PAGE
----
• October – Socotra Island, Yemen
  • November – Catalina and San Clemente Islands, California
  • December – Bermuda

 

Planet Earth Views from Space Calendar

Planet Earth Views from Space Calendar

Next up is the Planet Earth Views from Space Calendar which consists of images of Earth taken by a variety of manned space missions, primarily from the Apollo program.

 

Moon Views – Photographs of Our Moon Calendar

Moon Views - Photographs of Our Moon Calendar

The Moon Views – Photographs of Our Moon Calendar consists of lunar orbit photography taken by several of the Apollo missions to the Moon.

 

Synthesizer and Electronic Music Art and Photography Calendar

Synthesizer and Electronic Music Art and Photography Calendar

Lastly there is the Synthesizer and Electronic Music Art and Photography Calendar which consists of photographs I took at a synthesizer convention with some of the images having been subject to a strong dose of image processing.

 

I hope you find these calendars attractive. If you’re in need of a present (Christmas or otherwise) for someone, I hope that you consider one of these calendars as being the perfect gift.

Strangely I haven’t assembled any calendars based on my digital art. Unfortunately it doesn’t look like I will have time to create any art-based calendars between now and Christmas. But then again … maybe I will find the time.

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Computational Synthesis Generative Algorithmic Art

Tuesday, June 28th, 2016

Computational Synthesis Generative Algorithmic Art
Computational Synthesis Generative Algorithmic Art

Computational Synthesis is a work of digital art I completed a few days ago which combines elements of algorithmic art and generative art with continual input from the artist. At the time I created this work I had no idea what to title the piece. In creating this artwork, I did have a clear idea visually and aesthetically of what I wanted to create but had given no thought to a title. After completing the piece, I turned to social media. I posted the artwork in a few places and asked for suggestions as to a title. Some suggested titles were:

  • Abstract Structure
  • Digital City
  • Discreet Time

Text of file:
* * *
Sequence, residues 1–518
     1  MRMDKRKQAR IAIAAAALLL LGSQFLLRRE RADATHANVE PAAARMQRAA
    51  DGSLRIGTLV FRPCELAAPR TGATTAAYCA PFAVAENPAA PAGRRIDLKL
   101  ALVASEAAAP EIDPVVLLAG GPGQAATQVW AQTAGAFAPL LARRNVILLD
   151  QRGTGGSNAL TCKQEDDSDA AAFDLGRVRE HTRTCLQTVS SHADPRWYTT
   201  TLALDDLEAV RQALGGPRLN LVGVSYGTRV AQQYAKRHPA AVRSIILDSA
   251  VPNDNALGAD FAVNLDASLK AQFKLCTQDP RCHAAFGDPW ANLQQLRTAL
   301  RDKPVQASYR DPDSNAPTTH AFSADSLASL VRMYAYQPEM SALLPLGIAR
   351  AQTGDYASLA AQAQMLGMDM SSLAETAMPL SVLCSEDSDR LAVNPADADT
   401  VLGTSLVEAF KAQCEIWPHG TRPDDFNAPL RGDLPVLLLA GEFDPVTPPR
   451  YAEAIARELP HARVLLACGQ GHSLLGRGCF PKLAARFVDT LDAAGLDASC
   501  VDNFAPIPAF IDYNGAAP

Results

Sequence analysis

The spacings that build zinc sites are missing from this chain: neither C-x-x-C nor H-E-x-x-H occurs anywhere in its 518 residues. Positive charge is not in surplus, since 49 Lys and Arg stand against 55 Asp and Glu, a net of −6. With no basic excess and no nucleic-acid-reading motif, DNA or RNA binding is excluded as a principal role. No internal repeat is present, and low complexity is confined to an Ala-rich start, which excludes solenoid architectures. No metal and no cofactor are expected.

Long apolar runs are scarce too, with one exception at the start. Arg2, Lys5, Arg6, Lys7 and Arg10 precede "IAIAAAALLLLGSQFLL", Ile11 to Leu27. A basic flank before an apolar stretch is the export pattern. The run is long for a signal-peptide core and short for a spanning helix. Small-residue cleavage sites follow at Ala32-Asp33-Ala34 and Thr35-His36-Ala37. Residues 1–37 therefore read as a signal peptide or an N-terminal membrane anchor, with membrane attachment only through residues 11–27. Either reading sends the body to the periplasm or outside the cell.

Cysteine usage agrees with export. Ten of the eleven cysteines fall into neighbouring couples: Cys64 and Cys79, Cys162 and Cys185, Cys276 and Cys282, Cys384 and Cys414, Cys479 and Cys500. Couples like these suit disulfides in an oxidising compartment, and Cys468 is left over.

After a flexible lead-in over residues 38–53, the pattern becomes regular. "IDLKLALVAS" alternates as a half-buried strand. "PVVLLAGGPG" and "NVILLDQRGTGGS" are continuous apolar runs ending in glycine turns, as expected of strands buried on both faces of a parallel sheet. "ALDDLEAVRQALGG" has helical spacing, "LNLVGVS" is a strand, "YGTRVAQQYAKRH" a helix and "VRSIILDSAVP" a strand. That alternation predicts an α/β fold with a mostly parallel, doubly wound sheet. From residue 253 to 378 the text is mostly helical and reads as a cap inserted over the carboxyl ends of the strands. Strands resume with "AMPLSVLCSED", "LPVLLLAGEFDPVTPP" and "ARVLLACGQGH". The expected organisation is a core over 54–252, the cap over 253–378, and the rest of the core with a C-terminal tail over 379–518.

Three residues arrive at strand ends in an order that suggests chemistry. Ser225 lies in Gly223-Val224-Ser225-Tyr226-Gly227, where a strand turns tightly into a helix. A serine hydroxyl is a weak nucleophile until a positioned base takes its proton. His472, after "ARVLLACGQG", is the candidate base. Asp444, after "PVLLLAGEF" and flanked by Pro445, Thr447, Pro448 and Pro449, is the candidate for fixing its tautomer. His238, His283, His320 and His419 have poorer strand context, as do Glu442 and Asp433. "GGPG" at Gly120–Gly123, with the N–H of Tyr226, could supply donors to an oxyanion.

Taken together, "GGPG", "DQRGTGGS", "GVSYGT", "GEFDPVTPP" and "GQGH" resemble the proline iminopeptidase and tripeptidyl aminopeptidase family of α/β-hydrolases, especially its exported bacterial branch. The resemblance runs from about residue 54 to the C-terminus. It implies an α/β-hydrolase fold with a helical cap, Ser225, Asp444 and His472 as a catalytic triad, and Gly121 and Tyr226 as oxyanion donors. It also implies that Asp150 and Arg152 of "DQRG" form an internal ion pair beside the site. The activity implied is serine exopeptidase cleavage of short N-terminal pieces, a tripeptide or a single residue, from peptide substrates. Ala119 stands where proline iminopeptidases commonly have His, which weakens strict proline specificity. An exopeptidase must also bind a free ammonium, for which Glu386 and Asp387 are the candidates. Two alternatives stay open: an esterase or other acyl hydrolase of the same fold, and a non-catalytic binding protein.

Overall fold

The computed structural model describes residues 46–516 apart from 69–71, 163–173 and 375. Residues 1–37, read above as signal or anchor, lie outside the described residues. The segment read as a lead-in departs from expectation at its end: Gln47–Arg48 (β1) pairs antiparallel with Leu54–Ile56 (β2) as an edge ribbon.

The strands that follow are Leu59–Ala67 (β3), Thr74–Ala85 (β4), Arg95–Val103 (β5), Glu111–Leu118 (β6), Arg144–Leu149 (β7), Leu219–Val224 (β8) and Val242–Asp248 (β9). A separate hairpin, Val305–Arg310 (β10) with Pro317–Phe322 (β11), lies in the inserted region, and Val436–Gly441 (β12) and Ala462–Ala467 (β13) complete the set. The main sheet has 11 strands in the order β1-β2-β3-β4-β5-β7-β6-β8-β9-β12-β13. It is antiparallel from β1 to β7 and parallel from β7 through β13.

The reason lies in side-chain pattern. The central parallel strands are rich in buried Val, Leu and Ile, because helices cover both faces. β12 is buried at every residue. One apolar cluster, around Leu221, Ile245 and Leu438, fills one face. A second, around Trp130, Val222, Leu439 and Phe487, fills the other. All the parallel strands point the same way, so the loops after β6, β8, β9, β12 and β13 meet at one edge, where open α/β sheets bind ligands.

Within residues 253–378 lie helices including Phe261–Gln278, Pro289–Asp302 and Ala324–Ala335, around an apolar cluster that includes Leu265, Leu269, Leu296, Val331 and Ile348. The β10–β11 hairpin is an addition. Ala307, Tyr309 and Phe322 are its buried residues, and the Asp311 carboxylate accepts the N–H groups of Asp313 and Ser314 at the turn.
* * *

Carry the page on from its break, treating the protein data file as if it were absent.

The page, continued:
• Constructor Theory
  • Shifting Perspectives
  • Cityscape, Sky View
  • Aerial View Of Cyberscape
  • Monolith Metastasis
  • Fragmentation

While I did not use any of these titles, I do owe a thanks to the people who suggested them as they served as input to my thought process. Giving a title to a work of art can lead the observer in a certain direction when they are viewing the artwork. In choosing a title, I had to determine how well the title fit with what I was trying to say artistically. And therein lay my chief problem in coming up with a title.

I finally decided on Computational Synthesis as the title. Typically when one thinks of computational creativity, it is more in terms of the "machine" itself being the creator with the source of its creativity being within the framework of its design. In the case of this artwork, the computational component refers to my use of computational methods to produce a particular aesthetic style while synthesis points to the fact that I, the artist, was an equal partner in the creative process.

I created this artwork using an evolved version of a program I created and wrote about in Artistic Creativity and the Evolution of an Idea. For comparison, take a look at a previous artwork I created using an earlier version of this program:

Android Vision Generative Algorithmic Art on Redbubble

Following are links to the open edition version of Computational Synthesis on Redbubble and Crated, as well as a link to my contact page if you are interested in the availability of the limited edition print version of this artwork.

Computational Synthesis artwork on Redbubble

Computational Synthesis artwork on CRATED

Contact Jim Plaxco about Limited Edition Print availability

In closing, the question I ask myself is am I satisfied with the state of the program I used to create this artwork or do I want to continue to explore evolutionary pathways? I have no answer at the moment but ultimately that answer may well depend on whether or not I have a Eureka moment.

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New Art: Tiger Tiger Burning Bright

Tuesday, January 12th, 2016

Tiger Tiger Burning Bright art
Tiger Tiger Burning Bright

I just finished work on a new artwork titled Tiger Tiger Burning Bright. The inspiration for this rather colorful rendition of a tiger is a poem by English poet William Blake. I first read this poem in a college class on English literature and it remains a favorite of mine. My artwork’s title Tiger Tiger Burning Bright is taken from the first line of the poem.

This art began life as a standard color photograph I took of a tiger many years ago. It took some work, as well as three separate graphics programs (two from Adobe and one of my own design) to ascend from a fairly standard photograph of a tiger in a natural setting to the colorful illustration of the isolated tiger you see here. The original full-sized artwork is 6300 pixels wide by 5500 pixels tall.

I’ve used a greatly downsized, heavily cropped version of the art to illustrate this post. While I have not added this art to my own web site, you can see the uncropped version on its Redbubble product page:

Tiger Tiger Burning Bright artwork on Redbubble

The Tyger By William Blake

Tyger Tyger, burning bright,
In the forests of the night,
What immortal hand or eye,
Could frame thy fearful symmetry?

In what distant deeps or skies
Burnt the fire of thine eyes?
On what wings dare he aspire?
What the hand, dare seize the fire?

And what shoulder and what art,
Could twist the sinews of thy heart?
And when thy heart began to beat,
What dread hand and what dread feet?

What the hammer? what the chain?
In what furnace was thy brain?
What the anvil? what dread grasp
Dare its deadly terrors clasp!

When the stars threw down their spears
And water’d heaven with their tears,
Did he smile his work to see?
Did he who made the Lamb make thee?

Tyger Tyger burning bright,
In the forests of the night,
What immortal hand or eye,
Dare frame thy fearful symmetry?